Puglia might only be the heel at the bottom of Italy’s boot, but it’s an area that delivers a big kick with beautiful towns, unique architecture, a gorgeous coastline and of course, fabulous Italian food.
There are many different variations on road trips around Puglia in terms of where you go and in what order. Our itinerary was determined by the places we most wanted to visit, a desire to keep the daily driving distances fairly short and the available flights. Being late season flights were only available from London to Bari, the region’s capital. So our first stop was Ostuni, Puglia’s beautiful white city, surrounded by olive groves and only a few miles from the sea.
Ostuni is just over an hour’s drive from Bari airport which was ideal after leaving home at 4.00am and considering the Italian roads can take some getting used to. Our hotel, the Relais Sant’Eligio, was also ideal being just on the edge of the town with its own parking.
You need to walk uphill to get into the town, but it’s not steep and we were soon in a square where we pounced on Nepenta, a nice cafe-bar with outside seating. Pucces were on the menu, which are round sandwiches made from pizza dough.
That was our first taste of Puglian food and later that evening in Ostuni we had what would turn out to be the best meal of our trip. We’d booked Osteria Ricanatti in advance and were very glad we had as while they have a great a la carte menu they also do tasting menus including a vegetarian one.
There were many courses including a glass of Prosecco to kick things off and each one was delivered to our table by the chef and owner Gianni Zaccaria. Every dish was beautifully presented and even the glassware and crockery were lovely.
After dinner, we walked up to Ostuni’s main square, Piazza della Liberta, which was teeming with life. Bar Casbah has a great position right next to Colonna di Sant’Oronzo, a stone column that honours the patron saint of Ostuni. It’s an excellent place for a drink including classic cocktails. I wasn’t sure I’d get many Manhattans in Puglia, so to get a really good one served in a gorgeous glass on the first night was a great start.
Ostuni really is a lovely place to spend time day or night. The white streets and houses stretch across three hills with the cathedral rising in the centre. The next day we went exploring, starting with the cathedral which is well worth a visit. It feels a bit squeezed into the narrow streets, but if you walk up the street away from it you can turn back to get a good look at the unusual facade and then go inside to see some impressive art, including on the ceiling.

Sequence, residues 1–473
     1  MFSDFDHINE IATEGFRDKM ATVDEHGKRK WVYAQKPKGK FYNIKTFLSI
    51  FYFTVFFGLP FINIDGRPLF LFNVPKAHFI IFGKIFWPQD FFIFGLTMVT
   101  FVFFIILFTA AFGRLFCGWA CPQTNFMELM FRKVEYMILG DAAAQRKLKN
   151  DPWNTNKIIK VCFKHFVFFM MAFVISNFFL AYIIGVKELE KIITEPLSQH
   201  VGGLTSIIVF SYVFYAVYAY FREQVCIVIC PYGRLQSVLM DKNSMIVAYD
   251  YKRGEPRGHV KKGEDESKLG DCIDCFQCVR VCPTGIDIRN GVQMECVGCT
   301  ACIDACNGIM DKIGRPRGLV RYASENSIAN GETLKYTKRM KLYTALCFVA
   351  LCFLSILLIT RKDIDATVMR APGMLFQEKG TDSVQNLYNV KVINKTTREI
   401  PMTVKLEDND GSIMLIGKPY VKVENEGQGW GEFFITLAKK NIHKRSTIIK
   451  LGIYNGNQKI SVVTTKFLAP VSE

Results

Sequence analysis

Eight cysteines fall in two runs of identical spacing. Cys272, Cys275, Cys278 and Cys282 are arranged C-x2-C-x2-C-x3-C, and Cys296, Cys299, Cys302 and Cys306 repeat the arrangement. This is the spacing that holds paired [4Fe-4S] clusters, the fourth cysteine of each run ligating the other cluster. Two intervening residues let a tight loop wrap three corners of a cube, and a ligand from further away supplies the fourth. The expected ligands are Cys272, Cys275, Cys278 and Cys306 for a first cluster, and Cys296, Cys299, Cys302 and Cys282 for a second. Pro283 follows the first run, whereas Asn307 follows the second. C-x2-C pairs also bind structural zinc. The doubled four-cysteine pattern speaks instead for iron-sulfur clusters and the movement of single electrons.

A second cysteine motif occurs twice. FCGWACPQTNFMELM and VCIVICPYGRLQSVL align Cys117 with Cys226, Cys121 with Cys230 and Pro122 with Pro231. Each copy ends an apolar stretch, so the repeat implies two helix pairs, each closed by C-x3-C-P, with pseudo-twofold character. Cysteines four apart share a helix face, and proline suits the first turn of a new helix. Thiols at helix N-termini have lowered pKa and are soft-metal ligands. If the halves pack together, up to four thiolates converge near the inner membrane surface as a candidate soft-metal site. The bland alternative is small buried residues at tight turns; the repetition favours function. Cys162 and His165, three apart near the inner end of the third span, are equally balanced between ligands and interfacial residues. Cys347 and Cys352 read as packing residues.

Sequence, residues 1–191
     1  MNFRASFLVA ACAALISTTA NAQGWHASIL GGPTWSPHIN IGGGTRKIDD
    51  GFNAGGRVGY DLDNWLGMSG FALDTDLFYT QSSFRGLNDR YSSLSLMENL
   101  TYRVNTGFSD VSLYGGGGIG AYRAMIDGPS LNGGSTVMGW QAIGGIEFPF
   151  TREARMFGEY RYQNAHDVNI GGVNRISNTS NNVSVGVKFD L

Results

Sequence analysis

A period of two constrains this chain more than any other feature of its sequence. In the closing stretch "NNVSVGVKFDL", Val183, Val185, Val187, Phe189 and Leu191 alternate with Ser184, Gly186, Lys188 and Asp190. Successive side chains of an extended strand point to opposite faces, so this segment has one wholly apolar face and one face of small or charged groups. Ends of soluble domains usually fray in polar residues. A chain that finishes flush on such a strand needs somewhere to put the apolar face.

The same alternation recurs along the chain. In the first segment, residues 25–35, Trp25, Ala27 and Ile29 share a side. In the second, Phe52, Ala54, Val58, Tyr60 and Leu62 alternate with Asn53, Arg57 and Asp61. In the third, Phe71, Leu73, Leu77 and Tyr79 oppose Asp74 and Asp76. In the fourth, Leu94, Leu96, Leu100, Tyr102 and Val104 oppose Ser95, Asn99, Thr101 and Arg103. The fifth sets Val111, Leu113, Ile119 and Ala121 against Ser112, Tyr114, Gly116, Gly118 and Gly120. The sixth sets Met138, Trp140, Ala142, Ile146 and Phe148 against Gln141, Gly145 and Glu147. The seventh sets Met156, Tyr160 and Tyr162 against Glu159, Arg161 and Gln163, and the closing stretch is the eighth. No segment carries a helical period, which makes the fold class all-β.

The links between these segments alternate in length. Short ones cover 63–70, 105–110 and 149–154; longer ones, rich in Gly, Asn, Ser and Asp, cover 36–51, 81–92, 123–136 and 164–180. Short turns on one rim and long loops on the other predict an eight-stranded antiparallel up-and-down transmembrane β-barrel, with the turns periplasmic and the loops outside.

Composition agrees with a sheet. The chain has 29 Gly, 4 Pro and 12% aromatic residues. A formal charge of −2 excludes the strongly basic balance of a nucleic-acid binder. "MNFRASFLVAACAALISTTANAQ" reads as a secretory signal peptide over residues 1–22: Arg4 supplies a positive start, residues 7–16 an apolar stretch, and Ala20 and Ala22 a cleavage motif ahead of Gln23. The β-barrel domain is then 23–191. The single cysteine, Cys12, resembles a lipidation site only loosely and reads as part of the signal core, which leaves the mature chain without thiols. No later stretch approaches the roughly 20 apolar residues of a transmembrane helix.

Once you’ve been to see its main visitor attraction, the real joy of Ostuni is meandering around its labyrinth of small back streets away from the main thoroughfares. That’s where you get a glimpse of where people live and I think it’s always where you get to see the real character of a city.
Eventually, you’ll find yourself at the ancient city walls. Two of the city gates are still there including Porta Nuova. We went through it and down the steps to walk around the walls and found a market selling all kinds of interesting stuff and not just your usual tourist tat, which was a nice change!
There are plenty of shops around the town too and while there’s an inevitable number selling souvenirs and packs of pasta and olive oil, there are plenty worth popping into. We both picked up a Pumo at Il Botteghino. The Pumo is a traditional Puglian ceramic that is a symbol of good luck and as we’d already seen lots of them on shelves, balconies and terraces around the town, it felt like an appropriate keepsake.
It was a pretty busy afternoon in the main square with a motorcycle event underway, but we stopped off for a look at the Commune d’Ostuni (town hall) and to pop inside the beautiful church next door to it, the Chiesa di San Francesco d’Assisi.
Then after an alfresco lunch with an excellent view at Bloom, a nice cafe-bar on Corso Vittorio Emanuele II, we went back to the hotel via another church, the Chiesa della Madonna della Grata, which had caught our eye in the distance as we walked into town earlier. It’s an imposing building but there was no indication of when it would be open so we didn’t get to see if the interior matched the exterior.
Once we’d explored Ostuni close up, we could go back and see it in its entirety from the excellent rooftop terrace at our hotel. It’s worth staying there for that terrace alone with views of both the beautiful white city and of the Adriatic coast about four miles away.
It was so nice on the terrace we decided to go back before dinner and have a glass of Prosecco while the sun went down. Watching that fantastic view slowly change as all the city’s lights come on was quite magical.
The town was definitely much quieter on Sunday evening so we easily got a table at Pizzeria Regina, which was down some steps just below Bar Casbah. Here we went for the full Puglinese experience and shared a Bagna Frise before having some of the local orecchiette pasta.
When the Bagna Frise arrived we had no idea what to do, but you simply soaked the bread in the water and then spooned on the tomatoes and cream cheese. We came across it lots more times on the trip, though sometimes it was called Bagna Friselle and sometimes it came with burrata or just tomatoes. The main tip is if they give you the water, don’t soak the bread for too long!
Needless to say, we headed back up the steps to Casbah for a nightcap and to be entertained by a brilliant crooner who was clearly singing some popular Italian crowd-pleasers. We had no idea what he was singing but it was the perfect end to the first stop of our Puglia road trip in beautiful Ostuni.
Click on an image below to scroll through more photos in the gallery and check back soon for more posts about my adventures in Puglia.